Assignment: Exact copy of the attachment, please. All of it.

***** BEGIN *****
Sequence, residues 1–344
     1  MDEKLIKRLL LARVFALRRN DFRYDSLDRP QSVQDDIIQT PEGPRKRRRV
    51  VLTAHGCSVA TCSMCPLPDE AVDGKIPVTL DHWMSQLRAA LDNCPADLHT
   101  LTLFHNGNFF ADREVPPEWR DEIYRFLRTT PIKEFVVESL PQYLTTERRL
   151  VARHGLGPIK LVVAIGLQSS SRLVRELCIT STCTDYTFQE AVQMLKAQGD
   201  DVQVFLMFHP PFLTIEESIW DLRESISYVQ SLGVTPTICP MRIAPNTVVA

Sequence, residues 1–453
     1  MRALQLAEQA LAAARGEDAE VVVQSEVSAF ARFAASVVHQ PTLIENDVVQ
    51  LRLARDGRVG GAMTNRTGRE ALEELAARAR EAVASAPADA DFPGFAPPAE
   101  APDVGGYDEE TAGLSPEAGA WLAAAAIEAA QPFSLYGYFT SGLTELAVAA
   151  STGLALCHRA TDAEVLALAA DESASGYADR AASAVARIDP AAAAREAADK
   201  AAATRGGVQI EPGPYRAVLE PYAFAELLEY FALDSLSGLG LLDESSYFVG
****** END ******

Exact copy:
Sequence, residues 1–344
     1  MDEKLIKRLL LARVFALRRN DFRYDSLDRP QSVQDDIIQT PEGPRKRRRV
    51  VLTAHGCSVA TCSMCPLPDE AVDGKIPVTL DHWMSQLRAA LDNCPADLHT
   101  LTLFHNGNFF ADREVPPEWR DEIYRFLRTT PIKEFVVESL PQYLTTERRL
   151  VARHGLGPIK LVVAIGLQSS SRLVRELCIT STCTDYTFQE AVQMLKAQGD
   201  DVQVFLMFHP PFLTIEESIW DLRESISYVQ SLGVTPTICP MRIAPNTVVA

Sequence, residues 1–453
     1  MRALQLAEQA LAAARGEDAE VVVQSEVSAF ARFAASVVHQ PTLIENDVVQ
    51  LRLARDGRVG GAMTNRTGRE ALEELAARAR EAVASAPADA DFPGFAPPAE
   101  APDVGGYDEE TAGLSPEAGA WLAAAAIEAA QPFSLYGYFT SGLTELAVAA
   151  STGLALCHRA TDAEVLALAA DESASGYADR AASAVARIDP AAAAREAADK
   201  AAATRGGVQI EPGPYRAVLE PYAFAELLEY FALDSLSGLG LLDESSYFVG